“You could get lost there.” by Julia at the studio

Tuesday April 17, 2017
1:11pm
Up
Margaret Atwood

There are no signs and so they warn you before you arrive
to keep your hands inside the vehicle just in case something
falls out of the sky
you could take a photo of the sun setting
get it framed and keep it on a shelf or take the
picture with your eyes instead and lock it
for a lifetime in yourself and then there are all the moments
in between that might read like the spine of your dreams where
you got lost in the waiting so deep and when you surfaced
you had no idea which direction south was which direction you were
facing and how to force those next steps taken
toward the hill
that might lead you to the top of it all where you’ll be able to
see the vastness of it all and then after the work is done
collect those eye blinks one by one storing each in a perfect
corner of your mind for those lonely days where the glow is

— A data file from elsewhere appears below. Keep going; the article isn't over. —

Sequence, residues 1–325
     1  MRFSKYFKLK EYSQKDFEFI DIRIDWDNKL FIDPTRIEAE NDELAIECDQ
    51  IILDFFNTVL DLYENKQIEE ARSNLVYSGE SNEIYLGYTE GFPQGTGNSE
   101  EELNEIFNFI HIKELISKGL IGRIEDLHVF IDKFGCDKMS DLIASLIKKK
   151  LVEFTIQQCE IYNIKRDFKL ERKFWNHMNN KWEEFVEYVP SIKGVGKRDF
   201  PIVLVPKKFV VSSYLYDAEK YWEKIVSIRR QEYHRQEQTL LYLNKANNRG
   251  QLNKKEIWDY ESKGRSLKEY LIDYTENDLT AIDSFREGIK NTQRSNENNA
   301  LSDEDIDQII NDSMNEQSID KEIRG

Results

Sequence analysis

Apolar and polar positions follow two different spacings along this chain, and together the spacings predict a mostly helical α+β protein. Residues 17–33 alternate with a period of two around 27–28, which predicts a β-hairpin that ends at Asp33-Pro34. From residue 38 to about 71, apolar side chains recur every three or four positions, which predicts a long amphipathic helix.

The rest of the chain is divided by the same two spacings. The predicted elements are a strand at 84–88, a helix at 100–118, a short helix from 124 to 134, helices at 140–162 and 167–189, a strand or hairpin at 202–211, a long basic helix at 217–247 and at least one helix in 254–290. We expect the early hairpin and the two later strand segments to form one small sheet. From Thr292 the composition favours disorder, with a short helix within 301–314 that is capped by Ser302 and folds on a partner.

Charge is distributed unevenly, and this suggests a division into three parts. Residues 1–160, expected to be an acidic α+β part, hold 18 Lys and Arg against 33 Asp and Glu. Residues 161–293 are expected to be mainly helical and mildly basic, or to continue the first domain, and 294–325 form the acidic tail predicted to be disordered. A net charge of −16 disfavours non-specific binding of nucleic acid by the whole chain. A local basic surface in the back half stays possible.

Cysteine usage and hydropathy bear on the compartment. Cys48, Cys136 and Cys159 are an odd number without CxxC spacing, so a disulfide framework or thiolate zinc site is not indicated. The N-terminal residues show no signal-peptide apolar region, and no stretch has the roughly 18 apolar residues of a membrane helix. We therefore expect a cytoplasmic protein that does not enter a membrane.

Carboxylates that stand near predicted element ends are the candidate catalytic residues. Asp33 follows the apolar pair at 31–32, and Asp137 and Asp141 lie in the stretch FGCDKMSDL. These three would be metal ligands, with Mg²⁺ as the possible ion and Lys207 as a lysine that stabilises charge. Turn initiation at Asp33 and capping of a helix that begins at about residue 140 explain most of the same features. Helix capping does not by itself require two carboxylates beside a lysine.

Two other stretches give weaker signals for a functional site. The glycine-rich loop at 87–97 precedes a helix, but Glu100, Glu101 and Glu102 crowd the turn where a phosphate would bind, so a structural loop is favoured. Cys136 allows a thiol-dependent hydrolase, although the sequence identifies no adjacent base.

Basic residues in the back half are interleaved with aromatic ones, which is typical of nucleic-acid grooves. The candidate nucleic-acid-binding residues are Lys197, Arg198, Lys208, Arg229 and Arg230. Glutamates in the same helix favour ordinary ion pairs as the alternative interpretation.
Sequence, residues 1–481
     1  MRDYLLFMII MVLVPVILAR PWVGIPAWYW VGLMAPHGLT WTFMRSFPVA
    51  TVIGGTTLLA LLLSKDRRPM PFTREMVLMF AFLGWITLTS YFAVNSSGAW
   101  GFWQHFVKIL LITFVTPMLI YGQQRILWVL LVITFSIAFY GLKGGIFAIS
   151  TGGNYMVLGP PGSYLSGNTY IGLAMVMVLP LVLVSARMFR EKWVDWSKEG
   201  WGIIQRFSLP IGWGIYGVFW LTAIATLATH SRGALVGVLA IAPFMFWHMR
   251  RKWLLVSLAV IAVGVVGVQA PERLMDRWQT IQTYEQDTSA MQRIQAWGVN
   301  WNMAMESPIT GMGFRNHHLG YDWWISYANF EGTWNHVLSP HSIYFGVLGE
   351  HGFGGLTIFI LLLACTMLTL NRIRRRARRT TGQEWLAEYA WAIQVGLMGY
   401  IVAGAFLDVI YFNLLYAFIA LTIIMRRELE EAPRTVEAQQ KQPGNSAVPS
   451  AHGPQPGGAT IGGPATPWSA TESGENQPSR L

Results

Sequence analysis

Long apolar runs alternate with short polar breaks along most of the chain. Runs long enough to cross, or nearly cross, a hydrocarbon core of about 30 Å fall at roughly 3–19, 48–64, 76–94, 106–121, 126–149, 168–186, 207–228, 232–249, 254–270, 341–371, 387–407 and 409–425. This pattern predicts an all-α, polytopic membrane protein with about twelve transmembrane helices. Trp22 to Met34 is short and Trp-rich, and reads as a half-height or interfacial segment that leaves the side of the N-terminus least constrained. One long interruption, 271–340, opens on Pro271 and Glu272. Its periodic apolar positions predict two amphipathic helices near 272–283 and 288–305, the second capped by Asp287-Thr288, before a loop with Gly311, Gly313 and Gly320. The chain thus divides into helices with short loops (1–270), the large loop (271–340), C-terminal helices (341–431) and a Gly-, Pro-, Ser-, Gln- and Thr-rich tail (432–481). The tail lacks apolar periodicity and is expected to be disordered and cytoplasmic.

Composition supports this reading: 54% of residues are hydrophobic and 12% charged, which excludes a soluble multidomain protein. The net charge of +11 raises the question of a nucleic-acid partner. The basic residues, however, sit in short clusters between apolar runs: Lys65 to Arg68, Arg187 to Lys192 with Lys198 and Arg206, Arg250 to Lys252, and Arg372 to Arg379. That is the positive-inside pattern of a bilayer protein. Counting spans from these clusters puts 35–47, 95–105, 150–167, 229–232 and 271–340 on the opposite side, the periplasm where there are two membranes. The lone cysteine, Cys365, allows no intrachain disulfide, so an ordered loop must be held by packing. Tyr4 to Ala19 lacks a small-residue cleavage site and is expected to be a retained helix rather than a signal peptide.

harder to find

“When I came down from the attic” by Julia at her desk

Monday April 16, 2018
1:17am
5 minutes
The Portrait
Stanley Kunitz

we never had things in our attic
mom was more of basement type
as in hit the bottom of the rung
type sit on the unfinished concrete
floor in the dark type
the attic was much too high up
too close to God
filled with insulation and spider
webs but not memories of us in
picture form or moth eaten sweater
reminders of our carelessness
of hers
she didn’t like to hide our things
away in a place that might collapse
wanted to be closer to the earth
just in case the apocolypse hit
she made herself a home down there
and on Sundays we were allowed to
visit if we brough her the yogurt
in the tubes and the frozen thyme
in the ice trays

“You could get lost there.” by Sasha at her kitchen table

Tuesday April 17, 2017
12:02am
Up
Margaret Atwood

“Claire?” A gentle, but assured knock. “Are you alright?”

How long have I been here? How long have I been hosting a Moon Circle for one?

“Um, yes, yes, I am. Be right out.” I pull up my underwear (threadbare and elastic a bit stretched out), my jeans, and then realize I forgot to wipe. GET IT TOGETHER, CLAIRE. Back down, wipe, up, wash hands, holy eff, here we go.

“Come on in,” Noreen opens the door to her office and I go first. She is the perfect gentlewoman.

A lavender couch underneath a window. Spider plants, succulents and African Violets line the sill. Not one dry leaf. Of course she has a green thumb. She sits in a caramel leather chair, perhaps Moroccan. Paintings on the walls, all in blues, greens, purples.